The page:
in the North America should continue to stand as a wonderful example of
    how Atlanta thrives when people in our city and state work together to
    do great things.
    Maybe a lot of people in Atlanta don’t realize the Georgia Dome is
    slated to be demolished as part of the proposal for the new
    publicly-subsidized Falcons stadium. At a time when Atlanta is hoping to
    raise a billion dollars for direly needed basic infrastructure
    improvements, we are talking about paying to tear down our invaluable,
    premier, publicly owned stadium that’s serving us so well, not just with
    proceeds from events, but also boosting up our tourism and
    entertainment revenues with huge events right downtown. A Forbes article
    on the Final Four Basketball games here last year noted how one of the
    most attractive things about Atlanta to visitors is how a fan can easily
    walk from an event at the Dome to Centennial Park to downtown hotels
    and more. We have a great set-up in our city, working well for us,
    thanks in large part, to the people who put together Atlanta as a city
    that was ready to host the 1996 Olympics.
    I don’t know all the details of the new Falcons stadium proposal, but it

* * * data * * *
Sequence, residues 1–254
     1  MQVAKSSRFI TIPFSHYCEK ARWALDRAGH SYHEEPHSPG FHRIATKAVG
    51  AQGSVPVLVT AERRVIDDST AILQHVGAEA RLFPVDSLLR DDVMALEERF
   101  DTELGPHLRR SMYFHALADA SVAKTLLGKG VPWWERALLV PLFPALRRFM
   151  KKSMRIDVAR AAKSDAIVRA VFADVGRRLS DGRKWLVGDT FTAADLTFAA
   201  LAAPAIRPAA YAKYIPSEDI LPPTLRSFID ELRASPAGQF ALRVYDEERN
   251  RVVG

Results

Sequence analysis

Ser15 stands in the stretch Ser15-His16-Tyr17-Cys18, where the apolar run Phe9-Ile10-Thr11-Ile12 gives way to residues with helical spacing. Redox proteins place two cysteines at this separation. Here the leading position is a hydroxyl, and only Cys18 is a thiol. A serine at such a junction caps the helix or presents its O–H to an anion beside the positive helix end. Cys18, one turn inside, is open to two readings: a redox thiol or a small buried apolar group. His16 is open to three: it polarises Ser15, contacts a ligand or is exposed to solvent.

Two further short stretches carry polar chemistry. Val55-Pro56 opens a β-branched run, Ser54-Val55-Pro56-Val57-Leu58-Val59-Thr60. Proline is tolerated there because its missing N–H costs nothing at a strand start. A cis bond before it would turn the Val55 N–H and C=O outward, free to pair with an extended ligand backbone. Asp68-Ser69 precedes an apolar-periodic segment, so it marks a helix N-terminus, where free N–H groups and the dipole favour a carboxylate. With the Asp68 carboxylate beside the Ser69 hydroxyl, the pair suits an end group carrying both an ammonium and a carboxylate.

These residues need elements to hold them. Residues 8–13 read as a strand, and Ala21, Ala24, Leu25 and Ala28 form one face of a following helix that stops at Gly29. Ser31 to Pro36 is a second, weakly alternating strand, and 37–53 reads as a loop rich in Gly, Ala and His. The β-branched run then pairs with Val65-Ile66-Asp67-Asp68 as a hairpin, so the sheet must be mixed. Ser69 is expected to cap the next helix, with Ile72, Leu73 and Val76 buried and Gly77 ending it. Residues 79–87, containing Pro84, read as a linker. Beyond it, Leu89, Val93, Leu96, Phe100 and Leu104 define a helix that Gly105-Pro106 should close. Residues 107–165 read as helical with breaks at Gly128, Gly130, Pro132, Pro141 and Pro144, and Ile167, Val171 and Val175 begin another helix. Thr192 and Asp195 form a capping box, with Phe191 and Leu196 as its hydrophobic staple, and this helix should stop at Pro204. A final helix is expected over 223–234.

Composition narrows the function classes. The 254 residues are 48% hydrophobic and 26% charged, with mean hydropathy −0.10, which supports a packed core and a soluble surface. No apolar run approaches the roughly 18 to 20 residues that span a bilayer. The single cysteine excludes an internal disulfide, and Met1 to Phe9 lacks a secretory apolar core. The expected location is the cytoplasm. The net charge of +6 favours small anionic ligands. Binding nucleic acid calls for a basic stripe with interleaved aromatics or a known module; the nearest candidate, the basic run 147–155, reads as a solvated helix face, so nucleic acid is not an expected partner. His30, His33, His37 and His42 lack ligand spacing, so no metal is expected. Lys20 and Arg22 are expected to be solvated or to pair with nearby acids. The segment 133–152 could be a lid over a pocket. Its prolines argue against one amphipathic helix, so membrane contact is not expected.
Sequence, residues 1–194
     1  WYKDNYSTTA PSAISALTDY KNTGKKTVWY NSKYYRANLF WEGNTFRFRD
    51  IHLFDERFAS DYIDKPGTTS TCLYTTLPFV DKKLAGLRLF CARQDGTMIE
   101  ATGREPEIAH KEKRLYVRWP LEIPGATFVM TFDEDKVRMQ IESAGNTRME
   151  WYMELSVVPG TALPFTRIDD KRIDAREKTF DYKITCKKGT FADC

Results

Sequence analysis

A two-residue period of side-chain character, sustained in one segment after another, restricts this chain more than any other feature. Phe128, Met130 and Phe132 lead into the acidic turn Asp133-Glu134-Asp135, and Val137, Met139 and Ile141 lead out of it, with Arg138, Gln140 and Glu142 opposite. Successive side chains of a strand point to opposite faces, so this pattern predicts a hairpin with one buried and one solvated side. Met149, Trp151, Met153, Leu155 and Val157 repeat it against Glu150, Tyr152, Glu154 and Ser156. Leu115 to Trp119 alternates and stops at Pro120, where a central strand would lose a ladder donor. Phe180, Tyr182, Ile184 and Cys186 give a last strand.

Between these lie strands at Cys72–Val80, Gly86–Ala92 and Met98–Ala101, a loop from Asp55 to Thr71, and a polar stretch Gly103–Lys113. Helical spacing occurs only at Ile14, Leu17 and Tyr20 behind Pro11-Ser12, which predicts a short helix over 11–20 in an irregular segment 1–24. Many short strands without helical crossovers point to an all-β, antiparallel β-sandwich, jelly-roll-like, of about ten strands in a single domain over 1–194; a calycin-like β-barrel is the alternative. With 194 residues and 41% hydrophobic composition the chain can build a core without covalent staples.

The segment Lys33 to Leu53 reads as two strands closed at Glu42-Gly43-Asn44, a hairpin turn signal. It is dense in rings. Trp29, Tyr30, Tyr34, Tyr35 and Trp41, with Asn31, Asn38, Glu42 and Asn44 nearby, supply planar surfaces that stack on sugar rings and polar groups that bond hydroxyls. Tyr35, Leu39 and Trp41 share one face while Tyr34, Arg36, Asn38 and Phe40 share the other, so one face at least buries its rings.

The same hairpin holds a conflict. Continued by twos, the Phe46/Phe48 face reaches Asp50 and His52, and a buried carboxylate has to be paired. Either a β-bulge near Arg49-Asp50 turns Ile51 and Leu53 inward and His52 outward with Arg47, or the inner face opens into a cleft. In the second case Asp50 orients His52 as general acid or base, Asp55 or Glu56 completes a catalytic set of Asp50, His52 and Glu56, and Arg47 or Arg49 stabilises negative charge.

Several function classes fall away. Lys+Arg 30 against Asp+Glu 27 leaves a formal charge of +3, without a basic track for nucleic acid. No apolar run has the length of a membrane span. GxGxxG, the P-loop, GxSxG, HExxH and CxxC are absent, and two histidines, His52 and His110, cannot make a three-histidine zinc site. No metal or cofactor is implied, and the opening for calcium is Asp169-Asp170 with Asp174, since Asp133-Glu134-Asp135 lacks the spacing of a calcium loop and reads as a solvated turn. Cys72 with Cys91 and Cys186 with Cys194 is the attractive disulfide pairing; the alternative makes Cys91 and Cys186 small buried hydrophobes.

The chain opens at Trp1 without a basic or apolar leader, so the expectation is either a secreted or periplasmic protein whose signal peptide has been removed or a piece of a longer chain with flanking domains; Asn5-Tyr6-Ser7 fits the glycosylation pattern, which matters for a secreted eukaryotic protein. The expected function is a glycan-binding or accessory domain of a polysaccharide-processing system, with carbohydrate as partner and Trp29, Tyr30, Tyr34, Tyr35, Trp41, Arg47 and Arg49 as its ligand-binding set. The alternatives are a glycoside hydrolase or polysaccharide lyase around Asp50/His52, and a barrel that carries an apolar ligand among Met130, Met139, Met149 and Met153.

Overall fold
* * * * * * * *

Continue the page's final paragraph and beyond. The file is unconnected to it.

is my understanding that Atlanta’s entire hotel / motel sales tax for
    the next 30 years – close to $1.2 billion of city revenues – will go
    towards funding the construction and operations of that private-public
    venture. Revenues from the new stadium events will go to the Falcons
    investors. Atlanta will lose all the revenue we now get from the Georgia
    Dome, then go into debt to subsidize the new Falcons facility – and
    even throw in a $17-million-state-funded parking deck in the heart of
    our city to further sweeten the deal for them. Does this make sense to
    This past weekend, I visited the monument to Georgia’s veterans in the
    park between the Georgia Dome and the Georgia World Congress Center, and
    couldn’t help but wonder, will this park and tribute to our veterans,